Honorable mentions: Jepsen's sophomore mediocrity, Rivera falling off a cliff, Howie's sub-.300 BA (again), Napoli non-breakout, Matsui's missing May and July
Five biggest joys of the 2010 season:
5. The All Star Game
This doesn't really fit, since I've been talking about the performances on the field by the players. But I can't resist giving my fellow Halo fans two thumbs up for the reception they gave *certain* players. I was proud that Vladdy got what he deserved, overjoyed to hear the cheers for Weave (and his obvious delight!), and amused to hear the protracted boos for Yankees and BoSoxs. I thought that it gave FOX and the national audience a clue about how West Coast-ers view the East-Coast-Bias and the disparity between how Halos fans feel about the Rangers vs. Yanks/BoSux. Though now that the Rangers aren't pathetic, that's bound to change (and I'm all for a new AL West rivalry!). It was just a magical night...
4. Torii's gracious move to RF
No one expected it. But it was one of the awesome things that is Torii Hunter. He may have lost a Gold Glove because of it, but it shows his leadership and undying desire to get a ring by any means necessary.
3. Seeing the future of the bullpen
The bullpen (once hoped to be a strength), was once again in shambles. Then K-Rod II joined. Then Kohn. Then Walden. All very green, but all very dynamic, exciting, and effective. It'll be one of the unknowns for -next season - if they can continue to rise or will flame out (ala Bulger) or sink to "eh" (ala Jepsen).
2. Borjous patrolling the outfield
Watching him in centerfield is just FUN. Every fly ball hit to center, I perked up in anticipation of something spectacular. He makes it look so fluid, so easy, and he's got a good chance to be a dynamic center fielder. Now about that bat....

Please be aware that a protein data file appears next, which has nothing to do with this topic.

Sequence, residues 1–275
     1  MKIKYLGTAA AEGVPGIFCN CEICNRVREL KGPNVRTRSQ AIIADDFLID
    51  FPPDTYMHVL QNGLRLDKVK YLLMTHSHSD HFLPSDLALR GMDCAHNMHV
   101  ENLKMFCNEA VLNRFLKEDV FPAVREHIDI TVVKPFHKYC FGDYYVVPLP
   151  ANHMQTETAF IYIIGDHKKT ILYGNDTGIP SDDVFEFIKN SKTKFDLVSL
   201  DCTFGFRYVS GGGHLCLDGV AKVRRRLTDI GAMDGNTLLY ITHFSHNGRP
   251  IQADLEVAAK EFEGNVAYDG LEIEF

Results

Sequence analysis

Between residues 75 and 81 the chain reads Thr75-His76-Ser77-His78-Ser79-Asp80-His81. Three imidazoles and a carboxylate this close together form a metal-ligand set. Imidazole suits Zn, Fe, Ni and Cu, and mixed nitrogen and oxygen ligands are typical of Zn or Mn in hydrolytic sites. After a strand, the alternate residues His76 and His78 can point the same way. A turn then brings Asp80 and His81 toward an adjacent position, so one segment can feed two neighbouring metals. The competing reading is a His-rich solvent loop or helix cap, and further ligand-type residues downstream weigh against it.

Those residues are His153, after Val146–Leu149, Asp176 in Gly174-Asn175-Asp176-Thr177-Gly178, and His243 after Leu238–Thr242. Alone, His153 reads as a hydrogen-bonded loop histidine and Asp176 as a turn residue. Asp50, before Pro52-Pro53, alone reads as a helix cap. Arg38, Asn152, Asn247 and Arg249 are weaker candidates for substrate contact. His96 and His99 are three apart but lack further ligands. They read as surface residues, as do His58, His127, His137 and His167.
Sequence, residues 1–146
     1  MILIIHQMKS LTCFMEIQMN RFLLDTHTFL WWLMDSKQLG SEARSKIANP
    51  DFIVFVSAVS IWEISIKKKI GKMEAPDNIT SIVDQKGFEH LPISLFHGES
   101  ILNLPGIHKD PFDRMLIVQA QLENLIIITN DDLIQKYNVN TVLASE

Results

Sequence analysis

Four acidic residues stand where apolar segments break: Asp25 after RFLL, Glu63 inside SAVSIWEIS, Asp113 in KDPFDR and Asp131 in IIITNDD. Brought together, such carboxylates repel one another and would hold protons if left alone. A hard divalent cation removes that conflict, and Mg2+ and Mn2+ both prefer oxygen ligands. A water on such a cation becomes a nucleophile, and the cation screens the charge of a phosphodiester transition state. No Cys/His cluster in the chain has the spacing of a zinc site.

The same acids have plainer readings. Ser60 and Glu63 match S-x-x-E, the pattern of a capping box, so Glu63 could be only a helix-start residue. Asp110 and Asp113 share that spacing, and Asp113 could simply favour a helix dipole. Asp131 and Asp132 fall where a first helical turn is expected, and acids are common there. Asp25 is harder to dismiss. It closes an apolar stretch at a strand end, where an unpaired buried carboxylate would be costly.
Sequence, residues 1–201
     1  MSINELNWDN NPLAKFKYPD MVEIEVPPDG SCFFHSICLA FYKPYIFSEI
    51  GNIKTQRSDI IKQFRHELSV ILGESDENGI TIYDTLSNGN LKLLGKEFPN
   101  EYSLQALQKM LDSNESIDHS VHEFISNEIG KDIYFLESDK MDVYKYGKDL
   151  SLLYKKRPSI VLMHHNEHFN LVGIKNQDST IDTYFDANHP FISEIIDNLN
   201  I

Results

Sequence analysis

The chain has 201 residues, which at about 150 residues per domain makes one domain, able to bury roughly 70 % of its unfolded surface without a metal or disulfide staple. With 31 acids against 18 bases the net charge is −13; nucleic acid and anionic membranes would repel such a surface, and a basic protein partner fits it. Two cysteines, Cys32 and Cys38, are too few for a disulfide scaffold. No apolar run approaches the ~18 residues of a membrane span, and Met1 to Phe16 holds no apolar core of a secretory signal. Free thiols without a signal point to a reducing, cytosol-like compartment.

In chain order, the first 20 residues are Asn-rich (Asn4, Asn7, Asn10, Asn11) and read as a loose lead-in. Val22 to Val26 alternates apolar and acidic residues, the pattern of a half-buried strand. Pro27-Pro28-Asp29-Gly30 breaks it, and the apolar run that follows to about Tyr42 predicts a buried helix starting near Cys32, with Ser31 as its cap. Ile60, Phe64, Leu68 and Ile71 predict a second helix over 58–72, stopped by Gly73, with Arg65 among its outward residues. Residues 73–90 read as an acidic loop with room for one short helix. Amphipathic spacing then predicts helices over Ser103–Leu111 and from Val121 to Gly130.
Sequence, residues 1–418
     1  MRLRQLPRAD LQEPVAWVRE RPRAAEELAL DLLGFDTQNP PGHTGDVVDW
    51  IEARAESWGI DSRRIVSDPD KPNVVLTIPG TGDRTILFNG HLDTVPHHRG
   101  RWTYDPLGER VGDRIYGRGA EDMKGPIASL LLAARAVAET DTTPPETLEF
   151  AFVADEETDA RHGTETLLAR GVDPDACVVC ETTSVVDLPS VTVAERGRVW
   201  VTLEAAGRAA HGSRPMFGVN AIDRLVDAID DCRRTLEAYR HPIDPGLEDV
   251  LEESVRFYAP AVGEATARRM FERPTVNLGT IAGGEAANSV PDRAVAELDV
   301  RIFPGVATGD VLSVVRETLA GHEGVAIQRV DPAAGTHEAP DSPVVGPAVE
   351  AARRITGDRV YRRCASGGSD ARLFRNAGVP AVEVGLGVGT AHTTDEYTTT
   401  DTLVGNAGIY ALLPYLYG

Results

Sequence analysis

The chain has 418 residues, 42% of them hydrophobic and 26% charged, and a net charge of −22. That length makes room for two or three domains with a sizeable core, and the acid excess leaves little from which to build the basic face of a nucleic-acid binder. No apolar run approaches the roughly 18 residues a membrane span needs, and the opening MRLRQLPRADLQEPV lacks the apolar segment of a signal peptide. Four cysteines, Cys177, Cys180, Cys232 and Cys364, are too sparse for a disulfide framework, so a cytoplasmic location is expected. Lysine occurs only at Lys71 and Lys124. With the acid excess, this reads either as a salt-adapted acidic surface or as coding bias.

1. Weave's continued maturation
Weave impressed me immensely this past season. I wrote a bit of it when he was left off the All-Star roster:
He has done everything for the staff and the team. He's lead by example and by actions (anyone catch him snapping at Torii to stop fooling around?). He's been a stopper and a big-game pitcher. He's been consistant and electric. Every time his rotation spot comes up, I know he'll keep the Halos in the game. (Perhaps unfairly, I assume the game should be won. I keep forgetting to account for the rest of the team.) If anyone was worried about the vacuum Lackey left, there's no question who has filled it.Weave bursted onto the scene as a rookie when he won his first 9 decisions. I was mildly optimistic that he could be something special. But when he dove into mediocrity the following seasons, I became doubtful. And then, well, then I felt that I could never truly embrace him: he was nothing if immature. I remember a game in Boston. Weave was scuffling and Ortiz hit a HR off of him. Apparently, Ortiz took too long looking at his HR and Weave mouthed off in the papers. He said it didn't exactly mean that he'd pluck Ortiz, but he said that he wouldn't forget it the next time he saw him. That definitely earned an eyeroll from me. I thought, "Dude, if you're angry about him lookin at a HR, stop giving them up! You're a young player sucking, so stop complaining and get better. Then maybe people would know better than to be gazing at a HR." To me, it is amazing how far he's come. Not only is it that he's gotten a lot better, but it's how he carries himself on the mound and in the media. This past season must have been frustrating for him, with the lack of run support, but he was very careful to not to throw anyone under the bus. And that maturation has gotten me on his bandwagon for good.
Honorable mention: Conger given a chance, Fuentes moving on with grace
in retrospect: 2010 infield